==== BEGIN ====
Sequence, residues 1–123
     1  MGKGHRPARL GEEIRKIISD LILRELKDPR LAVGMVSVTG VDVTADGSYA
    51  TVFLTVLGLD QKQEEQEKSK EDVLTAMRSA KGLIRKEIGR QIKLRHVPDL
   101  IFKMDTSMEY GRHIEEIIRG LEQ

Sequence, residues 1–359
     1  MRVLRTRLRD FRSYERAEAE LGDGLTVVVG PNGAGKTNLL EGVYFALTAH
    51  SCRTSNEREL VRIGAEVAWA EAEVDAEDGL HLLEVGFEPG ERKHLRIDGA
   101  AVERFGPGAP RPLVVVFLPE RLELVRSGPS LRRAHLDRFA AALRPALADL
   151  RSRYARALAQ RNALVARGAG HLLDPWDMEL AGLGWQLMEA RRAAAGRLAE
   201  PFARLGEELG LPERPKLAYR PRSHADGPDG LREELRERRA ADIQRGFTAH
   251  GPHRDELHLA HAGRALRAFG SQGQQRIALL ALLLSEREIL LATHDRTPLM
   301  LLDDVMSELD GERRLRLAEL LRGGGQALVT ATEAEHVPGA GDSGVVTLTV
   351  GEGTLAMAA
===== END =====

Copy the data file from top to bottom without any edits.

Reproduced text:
Sequence, residues 1–123
     1  MGKGHRPARL GEEIRKIISD LILRELKDPR LAVGMVSVTG VDVTADGSYA
    51  TVFLTVLGLD QKQEEQEKSK EDVLTAMRSA KGLIRKEIGR QIKLRHVPDL
   101  IFKMDTSMEY GRHIEEIIRG LEQ

Sequence, residues 1–359
     1  MRVLRTRLRD FRSYERAEAE LGDGLTVVVG PNGAGKTNLL EGVYFALTAH
    51  SCRTSNEREL VRIGAEVAWA EAEVDAEDGL HLLEVGFEPG ERKHLRIDGA
   101  AVERFGPGAP RPLVVVFLPE RLELVRSGPS LRRAHLDRFA AALRPALADL
   151  RSRYARALAQ RNALVARGAG HLLDPWDMEL AGLGWQLMEA RRAAAGRLAE
   201  PFARLGEELG LPERPKLAYR PRSHADGPDG LREELRERRA ADIQRGFTAH
   251  GPHRDELHLA HAGRALRAFG SQGQQRIALL ALLLSEREIL LATHDRTPLM
   301  LLDDVMSELD GERRLRLAEL LRGGGQALVT ATEAEHVPGA GDSGVVTLTV
   351  GEGTLAMAA